Four or five years ago, standing alone in front of the clear, gently bubbling waters of Kiyomasa no Ido, a natural spring secreted in woodland at the far end of the Meiji Shrine's iris garden, I strained to detect any sound, but even the noise from car horns was smothered and muted by the grove. If I had to elect the single-most tranquil spot in Tokyo, this would have been it.

Returning a few months later, I met a long line of visitors, corralled behind red plastic bollards, the type found at the edges of road construction sites. Two uniformed guards, barking instructions through bullhorns, inveighed people to be orderly as they approached the tiny pool of water. It transpired that a few weeks before this second visit, a TV celebrity had discovered the well, declaring it a "power spot." An easily persuaded public had responded by turning out in force, tearing up the site's last shreds of silence.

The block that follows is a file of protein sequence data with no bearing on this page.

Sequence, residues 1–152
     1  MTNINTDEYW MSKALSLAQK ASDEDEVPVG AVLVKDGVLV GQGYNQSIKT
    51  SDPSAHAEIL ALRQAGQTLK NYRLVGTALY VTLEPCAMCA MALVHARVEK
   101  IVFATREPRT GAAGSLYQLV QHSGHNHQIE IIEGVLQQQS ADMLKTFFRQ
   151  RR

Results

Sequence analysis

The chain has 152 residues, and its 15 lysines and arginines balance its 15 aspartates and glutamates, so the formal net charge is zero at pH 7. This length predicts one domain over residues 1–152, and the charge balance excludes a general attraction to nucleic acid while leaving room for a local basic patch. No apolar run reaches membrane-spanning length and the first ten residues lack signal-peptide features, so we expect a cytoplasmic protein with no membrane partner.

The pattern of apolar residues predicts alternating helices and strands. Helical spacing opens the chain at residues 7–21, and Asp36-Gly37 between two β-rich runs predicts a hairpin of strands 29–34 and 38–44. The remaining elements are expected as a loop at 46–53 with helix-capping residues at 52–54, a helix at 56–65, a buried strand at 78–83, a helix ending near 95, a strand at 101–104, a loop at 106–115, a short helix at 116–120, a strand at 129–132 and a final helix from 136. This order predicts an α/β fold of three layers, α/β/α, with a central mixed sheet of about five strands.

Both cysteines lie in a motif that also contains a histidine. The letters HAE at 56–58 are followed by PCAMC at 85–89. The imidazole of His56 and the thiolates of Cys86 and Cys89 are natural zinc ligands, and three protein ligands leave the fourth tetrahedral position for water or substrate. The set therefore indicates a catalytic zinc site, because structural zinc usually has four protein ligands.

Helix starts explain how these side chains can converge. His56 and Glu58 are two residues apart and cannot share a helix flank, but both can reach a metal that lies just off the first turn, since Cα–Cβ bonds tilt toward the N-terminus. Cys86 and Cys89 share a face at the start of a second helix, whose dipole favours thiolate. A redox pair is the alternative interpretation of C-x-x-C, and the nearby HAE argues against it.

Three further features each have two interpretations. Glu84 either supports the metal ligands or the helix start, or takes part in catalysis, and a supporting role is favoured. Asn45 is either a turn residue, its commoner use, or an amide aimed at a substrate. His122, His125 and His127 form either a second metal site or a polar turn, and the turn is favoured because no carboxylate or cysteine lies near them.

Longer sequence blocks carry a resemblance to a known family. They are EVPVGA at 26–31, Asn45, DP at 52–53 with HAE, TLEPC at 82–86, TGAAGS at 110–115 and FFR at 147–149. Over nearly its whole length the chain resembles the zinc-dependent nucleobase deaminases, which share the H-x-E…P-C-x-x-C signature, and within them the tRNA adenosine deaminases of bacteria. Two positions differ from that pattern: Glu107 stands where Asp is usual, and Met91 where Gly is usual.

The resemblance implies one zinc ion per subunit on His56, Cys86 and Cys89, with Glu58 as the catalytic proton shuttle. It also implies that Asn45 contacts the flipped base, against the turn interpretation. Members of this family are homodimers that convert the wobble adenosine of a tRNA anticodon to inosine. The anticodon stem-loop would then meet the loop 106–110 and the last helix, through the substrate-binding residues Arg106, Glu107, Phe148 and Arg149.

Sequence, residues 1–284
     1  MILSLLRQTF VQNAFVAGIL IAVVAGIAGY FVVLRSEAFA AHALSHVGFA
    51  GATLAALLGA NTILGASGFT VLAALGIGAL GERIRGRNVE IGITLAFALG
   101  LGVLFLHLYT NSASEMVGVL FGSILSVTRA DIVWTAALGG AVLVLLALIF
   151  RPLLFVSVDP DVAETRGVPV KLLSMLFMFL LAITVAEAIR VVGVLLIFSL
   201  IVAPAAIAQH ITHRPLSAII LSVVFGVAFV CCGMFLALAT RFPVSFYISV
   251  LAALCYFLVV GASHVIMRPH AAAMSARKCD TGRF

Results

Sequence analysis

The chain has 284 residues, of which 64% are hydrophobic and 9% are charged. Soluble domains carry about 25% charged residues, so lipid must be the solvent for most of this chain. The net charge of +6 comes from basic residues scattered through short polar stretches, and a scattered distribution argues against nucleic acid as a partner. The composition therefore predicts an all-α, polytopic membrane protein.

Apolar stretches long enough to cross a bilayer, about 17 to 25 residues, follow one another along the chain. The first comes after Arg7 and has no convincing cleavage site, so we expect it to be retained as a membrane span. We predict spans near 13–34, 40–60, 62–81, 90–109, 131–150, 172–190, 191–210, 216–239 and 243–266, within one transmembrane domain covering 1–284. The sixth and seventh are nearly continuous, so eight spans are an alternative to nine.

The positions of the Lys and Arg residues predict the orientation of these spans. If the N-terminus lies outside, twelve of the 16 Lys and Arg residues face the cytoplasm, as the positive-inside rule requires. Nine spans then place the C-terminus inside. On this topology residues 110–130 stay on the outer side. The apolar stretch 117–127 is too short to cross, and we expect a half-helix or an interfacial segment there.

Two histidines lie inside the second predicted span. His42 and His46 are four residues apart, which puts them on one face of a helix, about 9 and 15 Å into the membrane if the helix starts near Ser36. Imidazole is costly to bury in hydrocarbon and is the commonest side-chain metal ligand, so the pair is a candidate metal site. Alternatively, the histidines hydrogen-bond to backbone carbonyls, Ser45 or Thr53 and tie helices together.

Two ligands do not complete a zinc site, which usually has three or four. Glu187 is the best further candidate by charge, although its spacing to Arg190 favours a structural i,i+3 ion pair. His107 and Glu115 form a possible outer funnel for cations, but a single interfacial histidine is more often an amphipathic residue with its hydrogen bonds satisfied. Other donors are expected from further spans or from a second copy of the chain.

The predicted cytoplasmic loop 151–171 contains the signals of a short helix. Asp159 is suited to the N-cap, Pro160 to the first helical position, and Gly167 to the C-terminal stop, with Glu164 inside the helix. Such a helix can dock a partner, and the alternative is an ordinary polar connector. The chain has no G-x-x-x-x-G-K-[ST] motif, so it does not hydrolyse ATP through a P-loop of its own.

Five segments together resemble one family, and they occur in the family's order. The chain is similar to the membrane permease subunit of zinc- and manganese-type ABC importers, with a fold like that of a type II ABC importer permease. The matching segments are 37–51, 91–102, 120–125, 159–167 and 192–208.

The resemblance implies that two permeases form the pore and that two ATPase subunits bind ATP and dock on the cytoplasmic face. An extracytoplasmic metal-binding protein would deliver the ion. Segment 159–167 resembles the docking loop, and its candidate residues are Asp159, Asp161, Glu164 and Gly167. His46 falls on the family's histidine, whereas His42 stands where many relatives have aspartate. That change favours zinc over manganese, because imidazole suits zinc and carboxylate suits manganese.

Mercifully, there are manifold alternatives to the media's spiritual flavors of the month. Exploring the Shima Peninsula and its dense, green interior, stumbling upon sacred rituals and ceremonies, watching Japanese supplicants at prayer or making offerings in tiny forest shrines, add to the sensation of being connected in some mysterious fashion to a similar, but vastly larger, spiritual power grid.